Welcome to my new series for authors with new books. I’ve chosen to start the series off with a blast and few good laughs as well as great information. I’m thrilled to have Ned Hickson, author, blogger, humor columnist, editor, and volunteer fire-fighter here today to start the series.
On the serious side – Ned does write a humor column for the Siuslaw News, a small Oregon paper, where his motto is: “Your dependable source for local news. Twice weekly. Unless we lose count.”
For those of you who don’t know Ned, you’re in for a treat and lots of laughter. Ned sure does wear a lot of hats, and not to mention he’s a dedicated family man and looks for the funny in every situation. Oh, and I just have to mention, Ned loves bacon. If you want to know how much, just go over to his blog and type in ‘bacon’ in the search bar, grab a coffee, and prepare to be thoroughly entertained. According to Ned, bacon is almost a universal item that could be eaten, worn, or even part of a book cover (which he chose not to use). Please visit Ned’s ABOUT PAGE to get a great idea of what he’s all about.
Ned’s first book –Humor at the Speed of Life is rated 5 Star Hilarious, and today Ned will be introducing his newly published book here today- Pearls of Writing Wisdom and share a bit about the book and himself.
From the dangers of family forays in the kitchen (Flaming Pop Tarts), and the careful maneuvering of male-female relations (Women are From Venus, and Men Won’t Ask for Directions), to the dangers of working as an under-appreciated JURNALIST, Ned takes us through day-to-day misadventures we can all relate to.
Link to Humor at the Speed of Life:
Ned is an award-winning syndicated humor columnist and editor-in-chief at Siuslaw News. He has been awarded “Best Local Column” from both the Oregon Newspaper Publishers Association and the Society of Professional Journalists. He is a member of the National Society of Newspaper Columnists, and his weekly column appears in dozens of newspapers in the U.S. and Canada as a syndicated feature for News Media Corporation.
He was also a corporate chef for 10 years and has been a volunteer firefighter since 2011. Both are topics that have made their way into his columns, along with daily life experiences and important social issues, such as glow-in-the-dark mice and injuries caused by overheated pickles in fast food. His first book, Humor at the Speed of Life, was published by Port Hole Publishing and is a collection of his most popular columns during his 16 years as a columnist.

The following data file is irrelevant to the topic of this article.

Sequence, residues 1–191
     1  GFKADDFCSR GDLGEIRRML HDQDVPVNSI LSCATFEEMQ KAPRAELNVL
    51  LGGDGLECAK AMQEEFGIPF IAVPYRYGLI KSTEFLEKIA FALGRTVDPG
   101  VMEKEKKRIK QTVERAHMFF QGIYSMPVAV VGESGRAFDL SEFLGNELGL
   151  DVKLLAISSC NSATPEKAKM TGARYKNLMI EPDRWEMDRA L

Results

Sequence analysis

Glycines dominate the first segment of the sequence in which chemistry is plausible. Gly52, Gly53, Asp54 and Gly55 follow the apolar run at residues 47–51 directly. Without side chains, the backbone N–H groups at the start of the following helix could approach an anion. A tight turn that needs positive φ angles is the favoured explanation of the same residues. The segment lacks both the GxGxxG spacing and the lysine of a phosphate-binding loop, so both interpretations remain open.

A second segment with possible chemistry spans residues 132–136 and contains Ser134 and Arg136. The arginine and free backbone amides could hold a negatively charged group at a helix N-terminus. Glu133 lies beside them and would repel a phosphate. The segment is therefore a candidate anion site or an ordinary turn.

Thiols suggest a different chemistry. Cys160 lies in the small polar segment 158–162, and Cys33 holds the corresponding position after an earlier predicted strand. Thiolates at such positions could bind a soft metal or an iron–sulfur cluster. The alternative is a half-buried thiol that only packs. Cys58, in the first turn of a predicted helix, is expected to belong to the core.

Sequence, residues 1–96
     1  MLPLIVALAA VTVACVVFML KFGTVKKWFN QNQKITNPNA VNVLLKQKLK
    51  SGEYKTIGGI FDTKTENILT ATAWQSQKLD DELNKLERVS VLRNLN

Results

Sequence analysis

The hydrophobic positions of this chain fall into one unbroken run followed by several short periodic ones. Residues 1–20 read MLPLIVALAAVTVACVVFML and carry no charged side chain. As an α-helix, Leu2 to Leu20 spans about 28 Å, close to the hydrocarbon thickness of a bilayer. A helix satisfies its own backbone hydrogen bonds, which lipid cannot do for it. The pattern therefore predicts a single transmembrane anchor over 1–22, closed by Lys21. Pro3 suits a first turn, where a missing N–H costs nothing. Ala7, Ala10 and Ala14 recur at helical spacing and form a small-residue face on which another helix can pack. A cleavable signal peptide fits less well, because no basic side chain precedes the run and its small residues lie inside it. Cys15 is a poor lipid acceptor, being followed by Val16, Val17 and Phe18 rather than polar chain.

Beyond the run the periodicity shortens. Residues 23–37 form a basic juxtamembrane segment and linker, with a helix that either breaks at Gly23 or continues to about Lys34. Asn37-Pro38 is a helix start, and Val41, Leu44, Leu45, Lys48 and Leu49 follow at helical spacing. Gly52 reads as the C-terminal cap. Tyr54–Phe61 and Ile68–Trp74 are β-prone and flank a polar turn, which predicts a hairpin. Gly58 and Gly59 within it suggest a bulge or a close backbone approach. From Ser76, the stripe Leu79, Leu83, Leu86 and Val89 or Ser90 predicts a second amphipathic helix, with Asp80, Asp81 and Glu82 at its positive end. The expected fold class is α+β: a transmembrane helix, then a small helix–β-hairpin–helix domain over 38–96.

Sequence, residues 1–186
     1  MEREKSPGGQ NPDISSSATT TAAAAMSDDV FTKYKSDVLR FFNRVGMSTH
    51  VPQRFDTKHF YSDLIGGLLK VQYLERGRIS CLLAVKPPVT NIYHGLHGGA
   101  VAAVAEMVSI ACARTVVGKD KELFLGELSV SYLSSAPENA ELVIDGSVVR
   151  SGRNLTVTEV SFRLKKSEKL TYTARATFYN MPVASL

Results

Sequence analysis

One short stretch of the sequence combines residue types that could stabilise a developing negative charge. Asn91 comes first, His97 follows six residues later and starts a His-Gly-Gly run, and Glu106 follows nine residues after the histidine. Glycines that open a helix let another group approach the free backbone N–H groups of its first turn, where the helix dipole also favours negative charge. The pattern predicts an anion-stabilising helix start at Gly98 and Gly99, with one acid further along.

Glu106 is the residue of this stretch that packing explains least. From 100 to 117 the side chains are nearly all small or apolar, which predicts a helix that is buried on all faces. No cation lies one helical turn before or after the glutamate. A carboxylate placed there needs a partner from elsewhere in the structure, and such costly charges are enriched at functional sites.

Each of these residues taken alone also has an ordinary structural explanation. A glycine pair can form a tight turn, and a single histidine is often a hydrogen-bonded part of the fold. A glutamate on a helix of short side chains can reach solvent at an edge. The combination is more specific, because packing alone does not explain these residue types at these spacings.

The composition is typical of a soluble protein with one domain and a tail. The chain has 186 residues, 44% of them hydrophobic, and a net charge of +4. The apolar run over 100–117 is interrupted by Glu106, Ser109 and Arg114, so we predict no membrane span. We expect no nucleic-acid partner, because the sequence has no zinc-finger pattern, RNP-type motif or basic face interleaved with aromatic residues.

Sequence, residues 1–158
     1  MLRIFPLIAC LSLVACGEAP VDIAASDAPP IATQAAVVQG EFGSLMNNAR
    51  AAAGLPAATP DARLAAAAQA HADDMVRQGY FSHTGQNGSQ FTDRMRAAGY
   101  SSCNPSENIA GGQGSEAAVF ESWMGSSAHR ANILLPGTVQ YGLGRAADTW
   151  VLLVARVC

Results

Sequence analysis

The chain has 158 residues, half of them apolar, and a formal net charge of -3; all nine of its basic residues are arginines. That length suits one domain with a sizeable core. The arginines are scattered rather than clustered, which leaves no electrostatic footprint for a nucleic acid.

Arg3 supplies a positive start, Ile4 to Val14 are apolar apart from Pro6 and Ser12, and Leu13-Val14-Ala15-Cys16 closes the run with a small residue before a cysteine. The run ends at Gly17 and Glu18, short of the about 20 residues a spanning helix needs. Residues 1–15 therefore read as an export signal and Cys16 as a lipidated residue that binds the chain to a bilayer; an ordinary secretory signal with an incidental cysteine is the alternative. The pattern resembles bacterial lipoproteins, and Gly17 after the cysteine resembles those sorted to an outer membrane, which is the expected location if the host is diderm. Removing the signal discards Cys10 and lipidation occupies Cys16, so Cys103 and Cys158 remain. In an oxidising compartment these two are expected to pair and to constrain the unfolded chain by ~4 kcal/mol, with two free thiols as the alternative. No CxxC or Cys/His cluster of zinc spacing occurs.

His latest book, Pearls of Writing Wisdom: From 16 Shucking Years as a Columnist (also from Port Hole Publishing), is a writer’s survival guide offering tips, insights and inspiration from his 16 years as a writer and columnist. It was written for writers and anyone pursuing their love of the written word — whether for publication or personal satisfaction.
Ned is a firm believer in the value of humor in daily life, and its role keeping perspective in an increasingly fast-paced and stressful world… especially during seasons of “Dancing With the Stars.”
If you are a writer, or fear you might be one, I wrote this book for you. It contains my pearls of writing wisdom: insights, tips and encouragement shucked from my 16 years as a newspaper columnist and writer. Think of this book as a conversation we’d have about writing if we were sharing a cold beer. We’d talk about technique, style, personal experience and hopes. We’d encourage each other and share a few laughs. We might even get a little rowdy and start using air quotation marks. In the end, we’d feel inspired about our love of writing. So pull up a stool, turn the page and let’s talk about writing… — Ned Hickson
Link to “Pearls of Writing Wisdom: From 16 shucking years as a columnist”
So without any further ado, here’sssssssssssss Ned!
Welcome Ned and congratulations on your newest book, Pearls of Writing Wisdom! Can you tell us a little bit about how this book came to be?
First, thanks for having me as your guest, Debby. And also for the bowl of bacon bits. You’re very thoughtful. And hopefully know how to administer CPR. The idea for “Pearls of Writing Wisdom” really started with a feature called “Ned’s Nickel’s Worth on Writing, which I had been running each Friday on my blog for almost two years. It was aimed at sharing tips, insights and ways of staying inspired as a writer — things I wish I’d known early on in my career. It was a popular series of posts that got me thinking about expanding into a book that writers could keep as a resource for ideas, perspective and inspiration when they need it, from someone whose been there — and still is. I wrote it as if it were a conversation between two writers while having a beer together. The goal was to make it fun to read while, at the same time, being the kind of book writers will nod their head while reading instead of nodding off.
How do you manage to have the time to write books, blogs, fight fires, be a family man, and be a ‘jurnalist’ full time?